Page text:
Rental car companies are getting more and more difficult when it comes to accepting 3rd party insurance on their cars. In 2016, I was denied a car when I went to pick it up. They refused my insurance I had with my trip insurance policy. I called AutoEurope (who had booked it for me) and they told me to present my Mastercard as my insurance carrier. I knew I had insurance on it, but I had heard such horrible stories of people who tried to collect that I did not trust it. National Car Rental accepted it though so I got a car. Since then, many rental companies are demanding letters that state you are insured from the Credit card company. (Has to have your name as the insured and has to be within a certain amount of days before the rental. In other words, don't get it 6 months in advance.)
Do your due diligence before leaving. More than one person has reported here that they were forced to buy the insurance at pick up and at the much higher price.
Never hurts to cut a paper copy online of the credit card's terms and conditions and present it to the rental company if they balk on using it as outside insurance. The coverages are noted in simple English for reading.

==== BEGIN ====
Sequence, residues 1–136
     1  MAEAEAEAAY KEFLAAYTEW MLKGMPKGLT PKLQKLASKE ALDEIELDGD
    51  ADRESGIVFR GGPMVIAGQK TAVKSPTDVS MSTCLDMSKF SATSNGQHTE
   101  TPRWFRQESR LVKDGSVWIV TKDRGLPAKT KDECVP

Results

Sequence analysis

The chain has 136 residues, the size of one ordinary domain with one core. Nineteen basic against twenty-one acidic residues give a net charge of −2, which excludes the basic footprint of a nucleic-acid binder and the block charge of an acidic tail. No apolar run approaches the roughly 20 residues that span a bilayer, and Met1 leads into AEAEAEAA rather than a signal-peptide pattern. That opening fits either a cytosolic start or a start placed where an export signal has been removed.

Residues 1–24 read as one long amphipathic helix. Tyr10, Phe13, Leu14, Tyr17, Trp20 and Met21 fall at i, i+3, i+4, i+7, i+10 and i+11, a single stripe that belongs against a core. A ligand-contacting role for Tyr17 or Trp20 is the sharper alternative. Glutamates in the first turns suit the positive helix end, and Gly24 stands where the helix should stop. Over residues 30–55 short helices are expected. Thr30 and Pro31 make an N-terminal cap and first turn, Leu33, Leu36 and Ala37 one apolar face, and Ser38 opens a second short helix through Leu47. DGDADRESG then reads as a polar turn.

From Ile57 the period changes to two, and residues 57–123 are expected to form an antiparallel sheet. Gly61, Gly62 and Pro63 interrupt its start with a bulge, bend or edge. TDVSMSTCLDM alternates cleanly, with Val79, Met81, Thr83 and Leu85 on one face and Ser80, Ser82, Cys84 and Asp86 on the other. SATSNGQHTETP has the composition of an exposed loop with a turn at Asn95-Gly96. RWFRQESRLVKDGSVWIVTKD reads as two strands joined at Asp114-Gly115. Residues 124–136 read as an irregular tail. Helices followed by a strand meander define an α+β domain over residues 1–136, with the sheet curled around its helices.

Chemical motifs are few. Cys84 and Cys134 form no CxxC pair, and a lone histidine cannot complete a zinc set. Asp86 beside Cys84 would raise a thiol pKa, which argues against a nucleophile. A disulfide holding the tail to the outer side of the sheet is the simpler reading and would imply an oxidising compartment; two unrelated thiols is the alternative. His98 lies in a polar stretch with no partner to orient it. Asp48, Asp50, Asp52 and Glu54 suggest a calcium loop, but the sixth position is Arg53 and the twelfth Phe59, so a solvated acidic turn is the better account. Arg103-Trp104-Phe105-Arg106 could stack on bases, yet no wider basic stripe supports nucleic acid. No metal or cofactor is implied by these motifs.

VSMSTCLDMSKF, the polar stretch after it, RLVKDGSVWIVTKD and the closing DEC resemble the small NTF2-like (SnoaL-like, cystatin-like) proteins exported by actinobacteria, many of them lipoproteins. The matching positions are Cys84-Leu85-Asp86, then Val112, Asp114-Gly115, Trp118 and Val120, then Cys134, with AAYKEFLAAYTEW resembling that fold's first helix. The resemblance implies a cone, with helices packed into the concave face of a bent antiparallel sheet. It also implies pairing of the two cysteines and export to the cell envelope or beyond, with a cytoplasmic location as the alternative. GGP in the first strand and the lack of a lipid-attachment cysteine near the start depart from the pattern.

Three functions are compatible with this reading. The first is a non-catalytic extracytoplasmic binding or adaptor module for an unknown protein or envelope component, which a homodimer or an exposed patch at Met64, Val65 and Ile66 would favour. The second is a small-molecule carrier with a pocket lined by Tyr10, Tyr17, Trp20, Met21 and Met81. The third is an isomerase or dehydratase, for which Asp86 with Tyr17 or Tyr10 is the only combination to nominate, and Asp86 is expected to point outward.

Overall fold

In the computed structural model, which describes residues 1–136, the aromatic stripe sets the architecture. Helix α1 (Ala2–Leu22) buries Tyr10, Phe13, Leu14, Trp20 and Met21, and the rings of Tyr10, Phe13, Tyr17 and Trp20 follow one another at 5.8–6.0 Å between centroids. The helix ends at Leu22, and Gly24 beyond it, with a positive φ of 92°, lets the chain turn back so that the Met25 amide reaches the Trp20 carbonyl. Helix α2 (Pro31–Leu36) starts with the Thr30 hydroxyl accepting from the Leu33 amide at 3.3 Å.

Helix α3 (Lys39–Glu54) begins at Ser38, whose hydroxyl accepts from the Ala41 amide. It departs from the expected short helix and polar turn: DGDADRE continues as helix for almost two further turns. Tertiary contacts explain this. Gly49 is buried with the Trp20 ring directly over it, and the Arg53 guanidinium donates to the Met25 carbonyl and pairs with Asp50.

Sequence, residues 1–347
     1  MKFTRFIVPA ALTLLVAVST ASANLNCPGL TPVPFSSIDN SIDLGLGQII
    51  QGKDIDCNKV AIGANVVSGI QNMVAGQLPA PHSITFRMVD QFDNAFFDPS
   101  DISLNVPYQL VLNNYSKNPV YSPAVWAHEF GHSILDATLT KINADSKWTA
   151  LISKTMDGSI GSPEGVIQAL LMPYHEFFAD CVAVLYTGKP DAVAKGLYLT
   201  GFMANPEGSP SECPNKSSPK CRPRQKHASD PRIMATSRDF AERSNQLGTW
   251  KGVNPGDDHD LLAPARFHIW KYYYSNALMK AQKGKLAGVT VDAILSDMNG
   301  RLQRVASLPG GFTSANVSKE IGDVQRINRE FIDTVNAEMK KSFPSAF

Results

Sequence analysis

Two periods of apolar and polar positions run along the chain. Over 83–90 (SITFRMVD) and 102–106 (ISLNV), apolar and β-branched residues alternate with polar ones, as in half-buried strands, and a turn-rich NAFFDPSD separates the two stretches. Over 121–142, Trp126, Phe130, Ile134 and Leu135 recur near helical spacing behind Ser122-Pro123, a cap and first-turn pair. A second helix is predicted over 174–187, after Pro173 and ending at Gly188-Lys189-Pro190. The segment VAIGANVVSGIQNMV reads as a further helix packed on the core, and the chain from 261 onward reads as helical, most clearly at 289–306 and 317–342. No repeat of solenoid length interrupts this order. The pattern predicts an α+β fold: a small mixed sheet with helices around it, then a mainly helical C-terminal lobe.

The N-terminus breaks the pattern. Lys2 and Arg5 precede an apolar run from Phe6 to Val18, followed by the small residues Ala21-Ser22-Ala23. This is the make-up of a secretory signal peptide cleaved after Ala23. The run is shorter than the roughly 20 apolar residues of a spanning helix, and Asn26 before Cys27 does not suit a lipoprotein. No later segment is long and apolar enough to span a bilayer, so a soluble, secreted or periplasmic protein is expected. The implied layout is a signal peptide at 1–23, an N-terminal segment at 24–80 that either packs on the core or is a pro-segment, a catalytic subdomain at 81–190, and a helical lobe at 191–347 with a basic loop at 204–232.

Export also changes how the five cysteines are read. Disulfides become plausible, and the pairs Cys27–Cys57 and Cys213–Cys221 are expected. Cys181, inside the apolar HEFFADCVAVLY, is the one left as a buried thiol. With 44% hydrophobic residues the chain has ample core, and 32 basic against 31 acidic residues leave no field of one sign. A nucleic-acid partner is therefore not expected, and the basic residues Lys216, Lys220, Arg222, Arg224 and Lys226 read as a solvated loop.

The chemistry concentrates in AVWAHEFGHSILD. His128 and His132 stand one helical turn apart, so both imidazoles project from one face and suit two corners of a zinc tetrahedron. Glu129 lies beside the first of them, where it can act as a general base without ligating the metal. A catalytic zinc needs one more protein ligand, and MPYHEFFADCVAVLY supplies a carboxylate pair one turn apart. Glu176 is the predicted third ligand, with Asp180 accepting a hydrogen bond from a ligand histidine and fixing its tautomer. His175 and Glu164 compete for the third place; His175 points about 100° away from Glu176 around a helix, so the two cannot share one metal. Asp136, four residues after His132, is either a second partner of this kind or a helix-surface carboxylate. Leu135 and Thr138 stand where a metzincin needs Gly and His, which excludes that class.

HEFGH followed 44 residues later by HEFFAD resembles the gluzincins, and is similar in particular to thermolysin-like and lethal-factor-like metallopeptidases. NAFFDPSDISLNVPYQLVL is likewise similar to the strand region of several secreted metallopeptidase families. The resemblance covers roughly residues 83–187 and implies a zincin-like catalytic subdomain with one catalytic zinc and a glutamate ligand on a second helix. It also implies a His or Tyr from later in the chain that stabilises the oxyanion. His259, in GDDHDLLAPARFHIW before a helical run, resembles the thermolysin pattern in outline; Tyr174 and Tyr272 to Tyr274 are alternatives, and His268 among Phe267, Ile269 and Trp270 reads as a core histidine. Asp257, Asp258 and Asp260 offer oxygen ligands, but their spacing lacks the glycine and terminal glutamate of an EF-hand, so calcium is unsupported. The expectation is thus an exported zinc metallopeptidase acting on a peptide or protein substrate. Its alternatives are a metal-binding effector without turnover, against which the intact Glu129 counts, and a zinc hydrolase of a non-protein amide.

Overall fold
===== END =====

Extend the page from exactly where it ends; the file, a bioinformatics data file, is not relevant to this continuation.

Check your credit card to see if it has coverage.
Also check your own car insurance to see if it will cover a rental car. Sometimes, an add-on for a very small fee will cover your car rentals for the year.
I've experienced big-name agencies that demand written proof of credit-card or other third-party coverage
That seems to increasingly be the case, which is why last year I started to include CDW with my rental after 20+ years of relying on my credit card. And this year, after having included zero-deductible in my rental in France through Auto Europe, I did some modest damage to the car. The Hertz agent saw it immediately when I returned it, then noticed I had full coverage. So off I went, and I never saw a charge. And the additional rental charge for the full coverage was not all that great.
Exactly the same as Robert: after 20 years using my CC and renting via AutoEurope, I now buy the AutoEurope no deductible coverage because it is so reasonably priced and is automatically added to the contract the rental agency sees. No pressure, no upsell, full coverage, sigh of relief.
Paying for zero deductible full coverage from the rental company is well worth it. if not too expensive. if there is an issue...you just walk away...no hassles.
Credit Card coverage you pay nothing for, is worth what you pay for it, may save you once and a while, but generally you pay and then fight for reimbursement from those that claim to protect you.
Some cards offer premium coverage for a low fee (American Express for example and a flat fee of ~$30 for the rental period) these tend to be better deals and more protection.
For long term rentals (several weeks) there are third party companies that offer insurance cheaper, but as good quality than the rental companies.